UPDATE: Further Evaluation of the Gap Between ERA and FIP

I am following up on my article from earlier this week based upon a discussion that occurred with a reader at Fangraphs.

The reader suggested that I analyze infield fly ball rate to see if it can explain some of the uncorrelated gap between ERA and FIP. I was skeptical at first. Here was my thinking: very few pitchers, if any all, have a “skill” of inducing infield fly balls or line drives. Some pitchers can induce groundballs, but in general batted balls would fall into the “luck” component of the gap between ERA and FIP.

But that’s not the point. I am trying to explain the gap between ERA and FIP, not predict it. Even if batted balls were part of the “luck” component, then it may be possible to measure that part of luck. I thought it would be worth checking out. So I did.

Infield Fly Ball Rate does have an impact on the gap between ERA and FIP, but it is minimal. The adjusted r-squared values for ERA-FIP modeled against each batted ball type are as follows:

  • Infield Fly Balls: .034
  • Line Drives: .014
  • Fly Balls: -.002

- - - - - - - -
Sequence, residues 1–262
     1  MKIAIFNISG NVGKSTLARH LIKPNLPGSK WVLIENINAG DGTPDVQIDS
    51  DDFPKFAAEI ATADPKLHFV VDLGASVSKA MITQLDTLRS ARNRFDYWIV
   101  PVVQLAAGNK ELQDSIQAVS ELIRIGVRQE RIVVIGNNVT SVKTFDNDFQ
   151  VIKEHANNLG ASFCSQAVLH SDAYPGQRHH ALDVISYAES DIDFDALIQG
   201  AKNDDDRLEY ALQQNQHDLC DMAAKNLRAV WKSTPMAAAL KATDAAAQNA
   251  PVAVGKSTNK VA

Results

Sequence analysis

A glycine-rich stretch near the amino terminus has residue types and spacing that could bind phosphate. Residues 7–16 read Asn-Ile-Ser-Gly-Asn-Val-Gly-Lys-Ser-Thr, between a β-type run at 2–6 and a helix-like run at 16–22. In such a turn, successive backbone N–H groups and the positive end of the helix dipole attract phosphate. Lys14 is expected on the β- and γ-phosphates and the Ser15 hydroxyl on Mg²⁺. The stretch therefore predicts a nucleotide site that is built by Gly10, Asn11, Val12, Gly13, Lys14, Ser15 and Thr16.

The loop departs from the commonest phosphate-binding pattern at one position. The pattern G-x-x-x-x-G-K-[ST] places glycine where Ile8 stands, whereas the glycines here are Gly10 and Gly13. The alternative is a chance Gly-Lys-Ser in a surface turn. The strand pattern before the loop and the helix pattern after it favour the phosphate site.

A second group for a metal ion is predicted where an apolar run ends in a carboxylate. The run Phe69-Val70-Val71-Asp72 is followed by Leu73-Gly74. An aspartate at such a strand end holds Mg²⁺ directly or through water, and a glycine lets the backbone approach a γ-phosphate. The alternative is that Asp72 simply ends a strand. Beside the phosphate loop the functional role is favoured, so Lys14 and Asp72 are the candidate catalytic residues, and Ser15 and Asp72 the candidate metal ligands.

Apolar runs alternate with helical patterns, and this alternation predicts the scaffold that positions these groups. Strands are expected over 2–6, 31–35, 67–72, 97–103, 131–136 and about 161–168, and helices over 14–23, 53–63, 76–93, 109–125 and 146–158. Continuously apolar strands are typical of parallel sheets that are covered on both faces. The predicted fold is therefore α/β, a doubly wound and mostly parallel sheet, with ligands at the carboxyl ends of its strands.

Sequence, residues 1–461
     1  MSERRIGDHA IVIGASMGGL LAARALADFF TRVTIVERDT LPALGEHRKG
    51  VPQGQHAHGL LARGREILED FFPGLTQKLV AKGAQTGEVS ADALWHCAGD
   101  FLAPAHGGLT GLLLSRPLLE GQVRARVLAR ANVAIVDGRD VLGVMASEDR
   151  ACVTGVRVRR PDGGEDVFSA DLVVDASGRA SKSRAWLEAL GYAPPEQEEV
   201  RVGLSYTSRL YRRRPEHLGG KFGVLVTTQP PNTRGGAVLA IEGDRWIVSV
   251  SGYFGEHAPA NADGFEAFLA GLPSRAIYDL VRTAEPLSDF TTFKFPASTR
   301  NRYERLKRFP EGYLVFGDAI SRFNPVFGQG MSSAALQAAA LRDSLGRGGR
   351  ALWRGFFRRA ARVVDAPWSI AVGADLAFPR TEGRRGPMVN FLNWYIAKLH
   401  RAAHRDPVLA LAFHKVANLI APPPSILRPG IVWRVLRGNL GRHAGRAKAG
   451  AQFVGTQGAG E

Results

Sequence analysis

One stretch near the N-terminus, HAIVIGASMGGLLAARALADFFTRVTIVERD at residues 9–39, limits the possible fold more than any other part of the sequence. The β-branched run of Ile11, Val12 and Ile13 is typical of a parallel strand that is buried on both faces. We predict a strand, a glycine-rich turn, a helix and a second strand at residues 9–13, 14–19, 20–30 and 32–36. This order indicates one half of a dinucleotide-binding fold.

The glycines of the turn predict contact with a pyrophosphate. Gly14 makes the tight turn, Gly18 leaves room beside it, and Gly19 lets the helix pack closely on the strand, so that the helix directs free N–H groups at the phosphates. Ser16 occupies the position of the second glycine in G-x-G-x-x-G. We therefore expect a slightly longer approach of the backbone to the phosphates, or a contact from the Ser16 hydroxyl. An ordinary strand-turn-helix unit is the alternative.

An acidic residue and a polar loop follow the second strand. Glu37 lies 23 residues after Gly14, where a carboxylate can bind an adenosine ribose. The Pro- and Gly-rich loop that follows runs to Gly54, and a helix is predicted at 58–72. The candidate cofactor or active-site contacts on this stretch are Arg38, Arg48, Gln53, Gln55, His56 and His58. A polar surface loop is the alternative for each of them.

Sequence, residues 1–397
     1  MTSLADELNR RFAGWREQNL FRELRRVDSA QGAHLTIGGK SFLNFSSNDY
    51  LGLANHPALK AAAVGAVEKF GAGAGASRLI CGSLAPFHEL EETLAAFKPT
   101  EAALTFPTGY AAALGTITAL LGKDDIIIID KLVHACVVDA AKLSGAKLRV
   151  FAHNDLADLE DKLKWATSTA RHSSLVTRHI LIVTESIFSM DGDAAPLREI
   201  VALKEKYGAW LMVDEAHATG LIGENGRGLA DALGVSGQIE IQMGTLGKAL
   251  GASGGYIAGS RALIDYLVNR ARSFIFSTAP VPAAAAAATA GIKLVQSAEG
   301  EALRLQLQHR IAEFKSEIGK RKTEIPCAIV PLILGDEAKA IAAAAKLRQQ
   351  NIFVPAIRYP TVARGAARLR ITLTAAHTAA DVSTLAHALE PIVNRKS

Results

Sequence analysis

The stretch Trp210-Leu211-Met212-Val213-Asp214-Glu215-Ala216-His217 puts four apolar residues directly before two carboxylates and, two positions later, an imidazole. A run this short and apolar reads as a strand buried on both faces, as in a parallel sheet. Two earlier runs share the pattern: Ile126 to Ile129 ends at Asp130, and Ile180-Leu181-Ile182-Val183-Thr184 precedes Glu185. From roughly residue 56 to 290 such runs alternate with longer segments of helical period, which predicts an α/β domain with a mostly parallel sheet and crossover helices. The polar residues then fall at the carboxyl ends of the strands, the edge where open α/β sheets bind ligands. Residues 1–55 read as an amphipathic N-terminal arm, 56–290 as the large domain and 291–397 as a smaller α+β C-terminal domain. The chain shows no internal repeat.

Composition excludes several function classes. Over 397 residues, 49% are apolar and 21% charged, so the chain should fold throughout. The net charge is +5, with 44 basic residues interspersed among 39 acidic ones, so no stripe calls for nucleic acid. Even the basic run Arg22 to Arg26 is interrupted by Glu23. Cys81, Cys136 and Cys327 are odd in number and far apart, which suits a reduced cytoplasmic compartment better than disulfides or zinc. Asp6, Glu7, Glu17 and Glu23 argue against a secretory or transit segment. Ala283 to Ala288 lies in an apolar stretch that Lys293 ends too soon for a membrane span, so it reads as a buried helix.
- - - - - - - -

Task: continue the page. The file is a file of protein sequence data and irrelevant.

• Ground Balls: -.002

There appears to have very little correlation between batted ball type and ERA-FIP. And here’s the thing, when any one of the types of batted balls are added to the original model (ERA-FIP ~ Defensive Metric + RE24), the adjusted r-squared of the model is improved.

  • DRS + RE24 + IFFB: .5484
  • DRS + RE24 + FB: .5566
  • DRS + RE24 + GB: .5493
  • DRS + RE24 + LD: .5457

If you add all the batted ball types to the model (DRS + RE24 + IFFB + FB + GB + LD) you get a .56 adjusted r-squared value, but the p-values of the line drive, fly ball, and ground ball variables are greater than .17, indicating that they are improving the model because there are more variables, but not because they add any significance to the model. Infield fly balls have a p-value of .052, indicating they likely have some significant contribution to the model with all batted balls included.

In the end, batted balls add little to the model, which when originally run as DRS + RE24 produced an adjusted r-squared value of .54. The miniscule impact can be seen in the graphs below displaying the different relationships.

That’s a little disappointing, because I was coming around to the idea. However, I leave off where I last ended.